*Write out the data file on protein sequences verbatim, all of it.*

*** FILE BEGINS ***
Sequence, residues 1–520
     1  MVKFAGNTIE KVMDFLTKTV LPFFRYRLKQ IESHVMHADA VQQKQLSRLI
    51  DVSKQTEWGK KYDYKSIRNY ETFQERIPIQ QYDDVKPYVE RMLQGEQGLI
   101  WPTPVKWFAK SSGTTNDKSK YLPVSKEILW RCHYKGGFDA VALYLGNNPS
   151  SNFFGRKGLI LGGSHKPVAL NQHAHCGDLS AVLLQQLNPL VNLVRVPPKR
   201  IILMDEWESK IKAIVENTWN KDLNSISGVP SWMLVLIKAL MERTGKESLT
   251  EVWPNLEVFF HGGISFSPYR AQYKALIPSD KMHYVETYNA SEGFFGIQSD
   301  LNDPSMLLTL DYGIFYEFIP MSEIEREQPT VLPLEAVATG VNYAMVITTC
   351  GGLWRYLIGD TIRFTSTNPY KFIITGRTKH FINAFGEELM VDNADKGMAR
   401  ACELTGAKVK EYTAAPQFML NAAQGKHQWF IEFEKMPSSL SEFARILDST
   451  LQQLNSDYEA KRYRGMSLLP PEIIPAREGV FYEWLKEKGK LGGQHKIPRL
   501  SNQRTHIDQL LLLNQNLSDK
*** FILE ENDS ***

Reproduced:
Sequence, residues 1–520
     1  MVKFAGNTIE KVMDFLTKTV LPFFRYRLKQ IESHVMHADA VQQKQLSRLI
    51  DVSKQTEWGK KYDYKSIRNY ETFQERIPIQ QYDDVKPYVE RMLQGEQGLI
   101  WPTPVKWFAK SSGTTNDKSK YLPVSKEILW RCHYKGGFDA VALYLGNNPS
   151  SNFFGRKGLI LGGSHKPVAL NQHAHCGDLS AVLLQQLNPL VNLVRVPPKR
   201  IILMDEWESK IKAIVENTWN KDLNSISGVP SWMLVLIKAL MERTGKESLT
   251  EVWPNLEVFF HGGISFSPYR AQYKALIPSD KMHYVETYNA SEGFFGIQSD
   301  LNDPSMLLTL DYGIFYEFIP MSEIEREQPT VLPLEAVATG VNYAMVITTC
   351  GGLWRYLIGD TIRFTSTNPY KFIITGRTKH FINAFGEELM VDNADKGMAR
   401  ACELTGAKVK EYTAAPQFML NAAQGKHQWF IEFEKMPSSL SEFARILDST
   451  LQQLNSDYEA KRYRGMSLLP PEIIPAREGV FYEWLKEKGK LGGQHKIPRL
   501  SNQRTHIDQL LLLNQNLSDK